I bought this and read it over a few weeks off and on. I wasn't at all sure what to expect from this book, but have been pleasantly surprised by it. To be honest, it's a history of Michael Collins' London family throughout the last couple of hundred years or so, rather than a particular history of the Working class in general. But, this is no bad thing; his family are to my mind very archetypal Working class city-dwellers and there is for me a great interest in that alone. As well as talking about his own family tree, which I enjoyed, he talks about the way the English white Working class in general are demonised or patronised or targeted for well-meaning but often missing-the-point 'missionary work' by those educated Middle classes, who always seem to know better than us plebs about how to live life and how to talk and present themselves, and so on and so on. I guess if you're Working class (like I am) you've heard it all before and probably groaned time and time again, at the way even well-meaning Middle class people misrepresent and often totally misunderstand Working class people and our culture and the way we live and behave and relate to each other.

He also talks importantly about how White Working class people now seem to be the latest 'hate-figure' and how it's okay basically to attack White Working class people by nice, respectable Middle class, who, because they're not being racist or sexist or anything else, they can hate us without feeling guilty because of course all White Working class people are racist and sexist and misogynistic and uneducated and...you get the picture!
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6 of 8 people found the following review helpful
5.0 out of 5 stars About Britain's weakest and most vulnerable 2 July 2012
Format:Paperback|Verified Purchase
I have a great affinity for Britain's native working class and fell they have been victims of gross social injustice through the centuries, with today those who discriminate against them and downright persecute them in fact being the Britain's modern left elite who have outrageously swapped the noble ideals classlessness to the vile multiculturalism and 'anti-racism' as the author explains in the latter chapters.
Multiculturalism and anti-racism are used as a stick to beat the British white working classes, who are the only group people in Britain it is acceptable for the chattering classes to mock and attack
As the brilliant journalist and true voice of and conscience and nonconformity to the prejudices of Britain's left elites , Burchill captured with great skill as the author quotes in the book in a 2001 article from the Guardian " What we now have is a new version of the deserving and undeserving poor-the noble new British working class, who are ethnic and the thoroughly swinish old working class who are white"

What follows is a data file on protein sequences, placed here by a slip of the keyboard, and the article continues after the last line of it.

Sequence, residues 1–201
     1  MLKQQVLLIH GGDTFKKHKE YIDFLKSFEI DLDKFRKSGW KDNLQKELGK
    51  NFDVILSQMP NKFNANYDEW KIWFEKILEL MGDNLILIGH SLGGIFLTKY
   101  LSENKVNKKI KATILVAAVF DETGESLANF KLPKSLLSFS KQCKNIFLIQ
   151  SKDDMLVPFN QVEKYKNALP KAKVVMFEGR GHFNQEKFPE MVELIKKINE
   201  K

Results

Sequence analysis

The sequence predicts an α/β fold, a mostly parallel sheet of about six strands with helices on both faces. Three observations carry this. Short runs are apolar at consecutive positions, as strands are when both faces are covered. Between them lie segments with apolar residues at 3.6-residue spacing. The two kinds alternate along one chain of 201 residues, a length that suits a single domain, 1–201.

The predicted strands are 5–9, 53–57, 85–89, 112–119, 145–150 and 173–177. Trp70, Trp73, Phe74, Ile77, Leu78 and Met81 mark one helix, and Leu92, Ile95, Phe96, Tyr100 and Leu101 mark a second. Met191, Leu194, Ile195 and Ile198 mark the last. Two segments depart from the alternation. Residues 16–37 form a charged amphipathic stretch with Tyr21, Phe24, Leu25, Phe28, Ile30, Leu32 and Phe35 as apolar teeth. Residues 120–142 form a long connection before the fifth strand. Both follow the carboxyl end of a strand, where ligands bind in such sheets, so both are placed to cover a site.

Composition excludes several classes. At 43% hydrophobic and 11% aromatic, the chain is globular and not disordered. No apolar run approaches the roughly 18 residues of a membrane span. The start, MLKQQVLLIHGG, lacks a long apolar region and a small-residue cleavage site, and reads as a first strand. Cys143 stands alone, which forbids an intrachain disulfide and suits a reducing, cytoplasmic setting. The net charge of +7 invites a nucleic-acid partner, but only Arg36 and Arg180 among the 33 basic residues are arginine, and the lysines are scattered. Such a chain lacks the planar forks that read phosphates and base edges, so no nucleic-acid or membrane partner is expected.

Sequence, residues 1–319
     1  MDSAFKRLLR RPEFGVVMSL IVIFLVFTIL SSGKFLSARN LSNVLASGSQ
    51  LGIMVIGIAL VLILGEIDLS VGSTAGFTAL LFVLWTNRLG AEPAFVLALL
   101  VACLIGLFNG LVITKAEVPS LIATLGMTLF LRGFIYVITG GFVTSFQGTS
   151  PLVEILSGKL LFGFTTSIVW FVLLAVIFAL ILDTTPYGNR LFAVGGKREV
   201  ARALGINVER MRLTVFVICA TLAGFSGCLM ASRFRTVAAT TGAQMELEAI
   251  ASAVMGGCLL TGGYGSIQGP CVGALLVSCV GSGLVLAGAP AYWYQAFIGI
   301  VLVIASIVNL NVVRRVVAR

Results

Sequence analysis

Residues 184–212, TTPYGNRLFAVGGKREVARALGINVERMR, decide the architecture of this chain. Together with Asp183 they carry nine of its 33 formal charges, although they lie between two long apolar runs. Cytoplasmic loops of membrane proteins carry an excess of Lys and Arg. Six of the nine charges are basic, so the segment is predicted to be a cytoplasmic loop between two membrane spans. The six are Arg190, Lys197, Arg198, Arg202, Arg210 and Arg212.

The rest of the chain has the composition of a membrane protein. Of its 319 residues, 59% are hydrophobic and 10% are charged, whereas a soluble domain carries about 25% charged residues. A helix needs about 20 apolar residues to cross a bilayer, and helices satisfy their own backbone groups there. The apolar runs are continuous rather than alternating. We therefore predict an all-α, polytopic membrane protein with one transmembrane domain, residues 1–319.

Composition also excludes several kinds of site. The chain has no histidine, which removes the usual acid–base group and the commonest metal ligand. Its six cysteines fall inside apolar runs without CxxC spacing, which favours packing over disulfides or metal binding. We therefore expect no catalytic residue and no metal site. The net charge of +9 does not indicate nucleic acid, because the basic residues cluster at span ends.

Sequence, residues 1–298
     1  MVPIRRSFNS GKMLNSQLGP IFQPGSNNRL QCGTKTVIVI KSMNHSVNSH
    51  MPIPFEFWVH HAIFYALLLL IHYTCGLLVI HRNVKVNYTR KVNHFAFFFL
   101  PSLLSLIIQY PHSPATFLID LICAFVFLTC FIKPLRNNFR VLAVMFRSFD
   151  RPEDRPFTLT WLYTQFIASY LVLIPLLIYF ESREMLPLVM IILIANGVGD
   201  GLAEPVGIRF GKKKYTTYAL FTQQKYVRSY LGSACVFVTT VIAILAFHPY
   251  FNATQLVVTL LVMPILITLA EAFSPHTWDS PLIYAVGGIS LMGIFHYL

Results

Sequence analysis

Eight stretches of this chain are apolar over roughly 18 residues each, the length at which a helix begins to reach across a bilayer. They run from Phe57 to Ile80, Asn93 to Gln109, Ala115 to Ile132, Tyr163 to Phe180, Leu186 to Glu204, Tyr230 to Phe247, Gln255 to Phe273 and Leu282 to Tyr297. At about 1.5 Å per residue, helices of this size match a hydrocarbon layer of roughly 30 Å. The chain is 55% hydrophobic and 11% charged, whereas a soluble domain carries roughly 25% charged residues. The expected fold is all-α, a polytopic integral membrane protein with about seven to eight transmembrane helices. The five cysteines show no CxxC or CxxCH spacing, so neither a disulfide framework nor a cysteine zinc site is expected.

This consummate, passionate and humane biography of Britain's white working class in the 19th and twentieth century is social history at it's best tracing the story of the author's own family with a sympathetic but non uncritical look at the culture and history of Britain's most abused people. People who have nevertheless have a rich and vibrant culture, which is a victim of a new class war by Britain's left wing middle class privileged hypocrite elite.
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Most Recent Customer Reviews
3.0 out of 5 stars Interesting to the specialist
Although not skilfully written this is an otherwise interesting history of the author's ancestors in one part of south London from around 1800 to the recent past. Read more
Published 2 months ago by Dr. Barrance
5.0 out of 5 stars Absolutely fookin' brilliant.
Absolutely fookin' brilliant. Seventeen more words required, apparently. Though I thought my input was rather witty and sort of representative. Read more
Published 7 months ago by Tessa the tennis slave
4.0 out of 5 stars About the last racial group in society it's still PC to abuse
What the white working class has experienced and why some prevailing attitudes have developed.

Good on the period since the 1960's - maybe too much information about... Read more
Published 17 months ago by MR RICHARD NORTH
1.0 out of 5 stars Banal and false
This book is similar in certain ways to 'Chavs' by Owen Jones; essentially, a set of assertions without either a) research and evidence; b) any theoretical underpining. Read more
Published on 23 Jun 2012 by Giles Penfold
5.0 out of 5 stars Superb Effort
Let me start by declaring my interest - I am a South East London boy from the very social background portrayed in this book. Read more
Published on 22 Jan 2012 by SELondon_Al
5.0 out of 5 stars A Truly Excellent Book About a Fractured and Demonised Culture
I have no hesitation in saying this is a truly excellent book. It is very interesting and well written and is not a polemic (as might be suggested by the title) but is measured... Read more
Published on 11 Sep 2011 by Dr. R. Brandon
2.0 out of 5 stars Interesting, but doesn't really do what it says on the tin
There's a lot of interesting stuff in this book and it is worth a read, but it isn't really a history of the white working class. Read more
Published on 24 Dec 2007 by S. Riley
3.0 out of 5 stars Enjoyable but flawed
Certain other reviewers of this book make good points. While being accessible and largely compelling it is a bit of a hodge podge, taking bits of his grandmother's experiences,... Read more
Published on 22 July 2006 by Charles